Training hives

August 12th weather turned out to be perfect for training hive checks and mite-level counts. We were pleased to find low mite levels, solid brood patterns, and lots of bees covering the frames in all four hives. Mite drop boards were checked first. The boards were pulled and placed on the hives so people could assess what had dropped. Basically there were few mites and some discussion as to even if what we were seeing were mites.  Using a magnifying glass helped. Three of the four hives only had a couple of mites on the board.

It was decided to test the one hive with the largest number of mites first using the sugar-shake test. Our experienced instructor went through the steps, discussed what equipment is needed, and how the process worked. The test hive was opened and two frames selected. The frames were shaken over a corrugated box, collecting a good amount of bees. Next, about a ½ cup of bees were measured into the testing jar and the jar closed with a mason ring and a circle of 1/8” hardware cloth that fitted into the ring. About two tablespoons of powdered sugar was added. Next the jar was rotated to coat the bees and after a few minutes the jar was shaken over a white lid from a 5-gallon bucket. The powdered sugar sifted from the jar was misted with water until it dissolved, showing any mites that had been dislodged from the bees.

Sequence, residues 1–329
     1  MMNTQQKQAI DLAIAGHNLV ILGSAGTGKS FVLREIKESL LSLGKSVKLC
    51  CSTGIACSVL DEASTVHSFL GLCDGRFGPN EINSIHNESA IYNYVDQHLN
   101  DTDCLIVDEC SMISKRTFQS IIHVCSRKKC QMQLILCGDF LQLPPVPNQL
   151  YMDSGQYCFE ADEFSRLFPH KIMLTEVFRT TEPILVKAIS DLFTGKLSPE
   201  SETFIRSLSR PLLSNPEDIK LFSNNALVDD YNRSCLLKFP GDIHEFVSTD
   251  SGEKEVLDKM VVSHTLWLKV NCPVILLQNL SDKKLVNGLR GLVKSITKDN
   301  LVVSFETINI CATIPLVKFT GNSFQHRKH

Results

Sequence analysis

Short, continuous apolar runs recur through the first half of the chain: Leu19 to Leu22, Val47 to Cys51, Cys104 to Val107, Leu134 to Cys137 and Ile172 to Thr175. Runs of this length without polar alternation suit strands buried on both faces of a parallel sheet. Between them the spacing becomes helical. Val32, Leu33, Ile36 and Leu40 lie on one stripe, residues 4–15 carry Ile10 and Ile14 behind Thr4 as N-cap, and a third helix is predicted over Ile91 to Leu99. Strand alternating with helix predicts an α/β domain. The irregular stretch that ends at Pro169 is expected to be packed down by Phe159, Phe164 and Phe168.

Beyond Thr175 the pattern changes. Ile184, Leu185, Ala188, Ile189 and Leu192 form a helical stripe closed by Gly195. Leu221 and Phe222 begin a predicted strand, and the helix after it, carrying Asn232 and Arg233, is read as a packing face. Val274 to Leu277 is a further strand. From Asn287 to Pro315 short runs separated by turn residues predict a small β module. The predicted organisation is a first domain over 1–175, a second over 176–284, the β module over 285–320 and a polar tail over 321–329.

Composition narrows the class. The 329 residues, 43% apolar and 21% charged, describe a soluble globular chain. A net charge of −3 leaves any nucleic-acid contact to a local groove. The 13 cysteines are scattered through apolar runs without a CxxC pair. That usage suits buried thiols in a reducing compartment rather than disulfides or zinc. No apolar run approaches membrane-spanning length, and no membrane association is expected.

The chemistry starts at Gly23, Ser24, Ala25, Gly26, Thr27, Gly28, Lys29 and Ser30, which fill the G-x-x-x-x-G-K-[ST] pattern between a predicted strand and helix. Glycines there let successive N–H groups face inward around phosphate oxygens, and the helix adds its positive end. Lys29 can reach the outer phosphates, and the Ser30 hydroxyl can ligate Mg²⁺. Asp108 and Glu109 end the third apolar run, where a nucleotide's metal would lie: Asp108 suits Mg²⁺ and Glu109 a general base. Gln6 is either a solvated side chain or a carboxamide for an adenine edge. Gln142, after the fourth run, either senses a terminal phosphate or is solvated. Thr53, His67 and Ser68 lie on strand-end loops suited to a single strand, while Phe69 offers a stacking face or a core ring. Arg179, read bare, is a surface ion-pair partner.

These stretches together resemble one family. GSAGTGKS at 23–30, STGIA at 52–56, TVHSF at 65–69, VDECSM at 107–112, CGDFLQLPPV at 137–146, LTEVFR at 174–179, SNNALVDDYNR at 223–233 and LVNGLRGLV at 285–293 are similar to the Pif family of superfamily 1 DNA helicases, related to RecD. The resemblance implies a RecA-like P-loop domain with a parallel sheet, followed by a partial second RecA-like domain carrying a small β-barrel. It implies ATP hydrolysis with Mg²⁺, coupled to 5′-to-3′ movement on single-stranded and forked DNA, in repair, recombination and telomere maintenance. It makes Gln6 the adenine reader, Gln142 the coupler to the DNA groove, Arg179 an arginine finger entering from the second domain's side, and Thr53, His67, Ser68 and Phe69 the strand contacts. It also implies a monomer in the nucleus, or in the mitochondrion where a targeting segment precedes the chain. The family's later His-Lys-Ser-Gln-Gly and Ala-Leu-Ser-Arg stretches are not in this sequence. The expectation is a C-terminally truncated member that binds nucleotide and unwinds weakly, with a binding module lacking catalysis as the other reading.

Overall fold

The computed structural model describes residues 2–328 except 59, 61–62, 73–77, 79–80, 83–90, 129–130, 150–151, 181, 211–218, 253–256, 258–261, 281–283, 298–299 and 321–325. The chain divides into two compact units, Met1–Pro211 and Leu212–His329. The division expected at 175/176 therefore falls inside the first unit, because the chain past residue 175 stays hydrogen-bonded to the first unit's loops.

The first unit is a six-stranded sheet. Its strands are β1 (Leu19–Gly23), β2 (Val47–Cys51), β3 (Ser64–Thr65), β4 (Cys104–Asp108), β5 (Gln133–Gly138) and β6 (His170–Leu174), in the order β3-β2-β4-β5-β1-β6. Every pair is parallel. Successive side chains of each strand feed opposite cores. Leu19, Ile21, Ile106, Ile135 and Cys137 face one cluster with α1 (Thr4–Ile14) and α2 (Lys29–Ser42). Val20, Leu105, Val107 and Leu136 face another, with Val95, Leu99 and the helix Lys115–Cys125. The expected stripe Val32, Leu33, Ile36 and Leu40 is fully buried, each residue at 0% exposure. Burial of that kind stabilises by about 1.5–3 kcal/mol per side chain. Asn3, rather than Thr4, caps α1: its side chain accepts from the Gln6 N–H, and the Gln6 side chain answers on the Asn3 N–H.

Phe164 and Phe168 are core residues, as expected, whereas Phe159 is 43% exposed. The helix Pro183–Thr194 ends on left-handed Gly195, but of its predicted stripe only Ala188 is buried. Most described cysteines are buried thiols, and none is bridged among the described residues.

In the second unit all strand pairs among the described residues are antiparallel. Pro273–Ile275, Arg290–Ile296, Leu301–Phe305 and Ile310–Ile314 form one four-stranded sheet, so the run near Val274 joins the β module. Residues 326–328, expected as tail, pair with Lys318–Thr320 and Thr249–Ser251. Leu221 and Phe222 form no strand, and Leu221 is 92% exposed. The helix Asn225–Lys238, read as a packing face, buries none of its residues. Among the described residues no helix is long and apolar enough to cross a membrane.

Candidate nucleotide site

The process can be reviewed here:

And instructions to make your own jar here:

And discussion on mite levels and treatment options here:

A second hive was processed so that others could try their hand.

The balance of the visit was spent discussing the status of the four hives. Brood pattern, honey/nectar stores, preparation for winter, amount of bee cover, and hive inspection techniques were reviewed.

The Clermont hives continue to progress at acceptable levels. There is good bee traffic at the hive entrance and over-wintering stores are reasonable for mid-August. The season has been good with timely rain. The bee yard still has plants in bloom.  We topped up the feeders and applied the 2nd treatment of Apiguard.

Special thanks to Doug for his demonstration of the sugar-shake testing method and supplying the links to great training web sites.

Happy beekeeping,